>An estimated 13.5 million people in the world take opioids (opium-like substances), including 9.2 million who use heroin.
That's an insignificant number compared to the global population and all the harm the BS cat/mouse game with mafia and police has caused.
Back then lives were being ruined as well. And the availability and affordability of dangerous drugs has only increased since then.
People just didn't make such a "fuss" of addiction, and especially in the case of poorer people, nobody really cared.
So why should we make a fuss out of it today?
>and especially in the case of poorer people, nobody really cared.
Whereas now they do?
It's quite likely that those are compound charges, meaning possession is not the only charge, i.e. they are arrested for something else, then found to be in possession.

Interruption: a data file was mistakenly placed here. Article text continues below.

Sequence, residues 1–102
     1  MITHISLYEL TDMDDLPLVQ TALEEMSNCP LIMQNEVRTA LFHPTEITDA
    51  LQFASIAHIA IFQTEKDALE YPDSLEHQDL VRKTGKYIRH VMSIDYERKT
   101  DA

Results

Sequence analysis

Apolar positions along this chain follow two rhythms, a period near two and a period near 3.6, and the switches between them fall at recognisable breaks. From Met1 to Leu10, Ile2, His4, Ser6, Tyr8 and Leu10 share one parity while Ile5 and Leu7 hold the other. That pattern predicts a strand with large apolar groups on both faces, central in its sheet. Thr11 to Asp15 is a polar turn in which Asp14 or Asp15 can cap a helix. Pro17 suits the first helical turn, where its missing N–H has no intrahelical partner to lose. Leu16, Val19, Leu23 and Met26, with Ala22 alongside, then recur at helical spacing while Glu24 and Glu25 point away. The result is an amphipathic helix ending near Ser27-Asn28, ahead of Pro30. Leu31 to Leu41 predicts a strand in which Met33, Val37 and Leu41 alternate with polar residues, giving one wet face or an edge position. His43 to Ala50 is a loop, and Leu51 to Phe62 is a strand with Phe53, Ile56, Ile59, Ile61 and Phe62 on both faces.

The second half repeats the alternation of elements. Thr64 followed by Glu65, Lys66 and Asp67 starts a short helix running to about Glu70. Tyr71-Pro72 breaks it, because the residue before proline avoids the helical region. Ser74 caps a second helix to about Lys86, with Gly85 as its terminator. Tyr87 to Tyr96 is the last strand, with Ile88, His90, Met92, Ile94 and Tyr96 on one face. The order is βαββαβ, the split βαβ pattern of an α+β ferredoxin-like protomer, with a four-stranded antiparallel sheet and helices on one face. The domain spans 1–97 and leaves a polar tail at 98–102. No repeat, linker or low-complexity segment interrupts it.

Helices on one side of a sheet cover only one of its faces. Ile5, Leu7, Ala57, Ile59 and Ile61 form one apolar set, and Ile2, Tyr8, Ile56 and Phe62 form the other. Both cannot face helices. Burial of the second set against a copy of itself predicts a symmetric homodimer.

So they are charged disproportionately because they commit crimes disproportionately, and some of them happen to have a bag in their pocket while doing so.
Aboriginal and black Canadians are grossly overrepresented in Canada’s correctional institutions
This paper is itself biased against Ockham's Razor, they hit on some truth here,
We cannot discount, however, the probability that increased rates of offending among certain racialized groups contributes to their overrepresentation in correctional statistics. but then spend the whole paper trying to hand wave it away.
One must also consider that it isn't the density per se, but the populations. For example, you could compare two equally dense areas but made up of different population groups. You would find a difference.
It is well known that, in the United States, drug usage between all races tends to trend roughly the same. However, the arrest rate for blacks is much, much higher. See these charts for marijuana.
One possible explanation, of course, is indeed that blacks are more likely to be arrested while committing another serious crime. Hence the gap.